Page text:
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Broken record

Justin Schuver | Monday, November 3, 2003

Last year, after No. 11 Florida State lost at home 34-24 to No. 6 Notre Dame, Seminole coach Bobby Bowden said his team was “bumfuzzled” by the Irish.

Saturday, the legendary coach got revenge for that loss by handing the Irish a 37-0 defeat, the first time Notre Dame had been shut out at home since 1978.

After starting the 2002 season 8-0 and bringing the Irish to as high as No. 4 in the nation, head coach Tyrone Willingham has seen his team go 4-9 since.

“This is always one of the most difficult jobs as a coach – when things aren’t going well, to keep the team moving forward and keep them positive,” Willingham said. “We will find ways to do that.”

In what has become a bit of a broken record this season, the Irish (2-6) again found themselves looking for answers after being dominated by a ranked team. Notre Dame fell on the road to then-No. 7 Michigan 38-0 and lost to then-No. 5 USC at home 45-17.

Factor in a 44-13 loss on the road to USC at the end of last season, and the Irish have lost four of their last 10 games by 31 points or more.

Oft-criticized Florida State quarterback Chris Rix torched the Irish through the air Saturday, completing 17-of-31 passes for 327 yards and three touchdowns. He also threw three interceptions, but the Irish were unable to capitalize on the turnovers.

Wide receiver Craphonso Thorpe set a record for most receiving yards in a game by one player against Notre Dame, catching seven passes for 217 yards and two touchdowns. He jumpstarted the Florida State offensive attack with a 38-yard reception on the Seminoles’ first play from scrimmage.

“They consistently kept the pressure on us and didn’t allow us to make the plays we needed to make,” Willingham said. “We were concerned with their vertical passing game and I think, more than anything else, they hurt us with the ability of their receivers to make plays.”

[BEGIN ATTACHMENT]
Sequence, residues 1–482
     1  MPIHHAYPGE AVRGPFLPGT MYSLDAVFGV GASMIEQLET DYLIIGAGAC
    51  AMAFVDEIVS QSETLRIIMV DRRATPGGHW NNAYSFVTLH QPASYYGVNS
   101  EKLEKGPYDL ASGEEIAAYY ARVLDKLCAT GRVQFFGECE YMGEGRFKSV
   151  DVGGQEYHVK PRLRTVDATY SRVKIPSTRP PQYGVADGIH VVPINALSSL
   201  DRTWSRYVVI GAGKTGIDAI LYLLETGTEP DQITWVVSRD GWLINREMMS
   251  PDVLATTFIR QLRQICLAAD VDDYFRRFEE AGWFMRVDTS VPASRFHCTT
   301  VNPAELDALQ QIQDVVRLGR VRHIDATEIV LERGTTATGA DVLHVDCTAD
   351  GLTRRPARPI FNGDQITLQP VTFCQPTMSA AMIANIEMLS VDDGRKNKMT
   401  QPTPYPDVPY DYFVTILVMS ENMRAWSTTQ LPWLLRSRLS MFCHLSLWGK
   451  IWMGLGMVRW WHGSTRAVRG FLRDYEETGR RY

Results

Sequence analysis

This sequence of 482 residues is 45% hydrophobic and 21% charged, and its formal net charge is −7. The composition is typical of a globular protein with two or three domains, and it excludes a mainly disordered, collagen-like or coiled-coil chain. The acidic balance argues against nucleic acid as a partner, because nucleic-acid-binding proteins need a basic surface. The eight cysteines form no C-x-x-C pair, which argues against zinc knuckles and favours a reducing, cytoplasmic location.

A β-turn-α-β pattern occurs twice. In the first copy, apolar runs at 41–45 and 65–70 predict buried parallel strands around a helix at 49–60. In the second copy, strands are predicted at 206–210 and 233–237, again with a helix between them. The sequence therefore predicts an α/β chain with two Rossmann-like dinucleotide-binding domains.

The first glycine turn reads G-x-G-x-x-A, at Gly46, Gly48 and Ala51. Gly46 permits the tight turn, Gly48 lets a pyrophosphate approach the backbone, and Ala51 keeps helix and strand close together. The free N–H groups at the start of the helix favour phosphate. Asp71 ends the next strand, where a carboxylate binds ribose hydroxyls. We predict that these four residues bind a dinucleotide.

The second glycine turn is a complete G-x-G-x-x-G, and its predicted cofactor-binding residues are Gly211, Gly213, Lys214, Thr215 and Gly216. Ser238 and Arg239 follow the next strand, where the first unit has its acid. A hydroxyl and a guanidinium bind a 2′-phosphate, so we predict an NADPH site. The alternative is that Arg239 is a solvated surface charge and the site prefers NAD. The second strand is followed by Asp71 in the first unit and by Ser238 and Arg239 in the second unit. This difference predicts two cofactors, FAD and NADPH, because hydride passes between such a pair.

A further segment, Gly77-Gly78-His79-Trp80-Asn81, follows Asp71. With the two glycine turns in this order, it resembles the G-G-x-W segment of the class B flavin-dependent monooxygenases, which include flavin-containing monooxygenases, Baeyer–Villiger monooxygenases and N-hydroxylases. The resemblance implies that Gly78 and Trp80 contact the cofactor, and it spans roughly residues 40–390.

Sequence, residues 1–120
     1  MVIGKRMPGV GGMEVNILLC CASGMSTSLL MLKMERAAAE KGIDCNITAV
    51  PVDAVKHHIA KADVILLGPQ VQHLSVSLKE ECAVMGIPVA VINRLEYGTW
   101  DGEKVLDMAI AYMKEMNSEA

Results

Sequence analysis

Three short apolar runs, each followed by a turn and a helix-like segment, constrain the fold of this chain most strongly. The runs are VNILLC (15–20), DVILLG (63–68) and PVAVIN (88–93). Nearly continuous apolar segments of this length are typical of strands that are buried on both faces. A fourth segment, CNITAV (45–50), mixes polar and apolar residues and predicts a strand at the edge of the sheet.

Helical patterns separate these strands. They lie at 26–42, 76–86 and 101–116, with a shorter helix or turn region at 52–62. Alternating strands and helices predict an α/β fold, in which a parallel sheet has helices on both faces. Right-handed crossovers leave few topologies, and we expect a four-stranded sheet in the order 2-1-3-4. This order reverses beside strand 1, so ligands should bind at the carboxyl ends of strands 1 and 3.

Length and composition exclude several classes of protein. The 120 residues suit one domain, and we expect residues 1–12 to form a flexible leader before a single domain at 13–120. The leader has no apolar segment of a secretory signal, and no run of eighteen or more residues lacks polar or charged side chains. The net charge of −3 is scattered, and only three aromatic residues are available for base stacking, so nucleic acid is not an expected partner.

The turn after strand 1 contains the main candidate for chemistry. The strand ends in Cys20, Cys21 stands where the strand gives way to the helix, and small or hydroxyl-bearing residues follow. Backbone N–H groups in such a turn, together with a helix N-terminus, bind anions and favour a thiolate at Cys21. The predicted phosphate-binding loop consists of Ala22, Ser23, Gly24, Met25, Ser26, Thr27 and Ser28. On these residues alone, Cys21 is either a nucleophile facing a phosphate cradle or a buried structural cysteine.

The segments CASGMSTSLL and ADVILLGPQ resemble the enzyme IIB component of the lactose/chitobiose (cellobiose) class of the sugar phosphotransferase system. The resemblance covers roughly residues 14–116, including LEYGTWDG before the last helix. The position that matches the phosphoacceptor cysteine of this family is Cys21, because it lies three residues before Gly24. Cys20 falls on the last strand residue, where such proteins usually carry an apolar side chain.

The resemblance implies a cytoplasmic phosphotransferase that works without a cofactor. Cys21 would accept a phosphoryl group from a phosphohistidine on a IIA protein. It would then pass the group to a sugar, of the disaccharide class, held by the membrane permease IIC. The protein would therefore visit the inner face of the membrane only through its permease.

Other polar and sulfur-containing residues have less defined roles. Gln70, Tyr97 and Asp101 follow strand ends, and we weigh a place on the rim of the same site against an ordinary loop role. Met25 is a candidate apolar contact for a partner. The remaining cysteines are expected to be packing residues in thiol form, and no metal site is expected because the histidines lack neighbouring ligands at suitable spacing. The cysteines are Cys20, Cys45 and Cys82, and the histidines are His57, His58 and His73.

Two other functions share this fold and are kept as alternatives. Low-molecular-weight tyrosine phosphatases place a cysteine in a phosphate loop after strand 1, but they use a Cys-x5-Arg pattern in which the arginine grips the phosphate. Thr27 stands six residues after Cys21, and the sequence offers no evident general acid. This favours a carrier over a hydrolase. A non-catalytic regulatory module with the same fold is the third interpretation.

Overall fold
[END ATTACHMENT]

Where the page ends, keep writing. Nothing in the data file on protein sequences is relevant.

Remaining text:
The affable Bowden agreed that the Florida State passing game was the difference.

“That was where we took charge of the game, being able to get the long stuff,” he said. “The quarterback laid it out there pretty good, and our receivers caught it good and ran with it.

“That was the difference in the ball game, at least from an offensive standpoint.”

Notre Dame had several chances to put points on the board, especially during a key sequence early in the game. With the Seminoles up 10-0, cornerback Vontez Duff intercepted Rix 5:58 into the first period and returned the interception 55 yards to the Florida State 9-yard line.

The Irish were unable to put the ball in the end zone, hobbled by two key penalties – a holding call and a substitution infraction following a Notre Dame timeout – and were forced to try a 31-yard field goal. D.J. Fitzpatrick’s kick was blocked by B.J. Ward, and the Irish were unable to take advantage of Duff’s interception.

“I think that was a big play when you’re playing a good football team,” Willingham said. “Those are the kind of mistakes you cannot make.”

The Irish had difficulty getting anything going on offense, primarily because they continually left themselves in difficult long yardage situations on third down. Notre Dame was 4-for-13 in third-down conversions, with only one coming in the first half.

“We just couldn’t get anything established on offense,” Irish offensive coordinator Bill Deidrick said. “We struggled. You can look at the inefficiency on third-down completions.

“When you’re not converting and not getting real positive plays on first down it makes it real difficult.”

For the game, the Irish were 0-for-4 in chances to score inside the red zone. Notre Dame was also 0-for-5 in fourth down conversions, most of which came inside the red zone during the second half as Notre Dame was making a desperation comeback.

“We’ve got to make plays,” said embattled Irish quarterback Brady Quinn, who completed 20-of-52 passes for 175 yards and three interceptions – including one that was returned for a touchdown. “That’s what it comes down to. We’ve got to put the ball in the end zone. We had plenty of opportunities today and we did not do that.”

Contact Justin Schuver at jschuver@nd.edu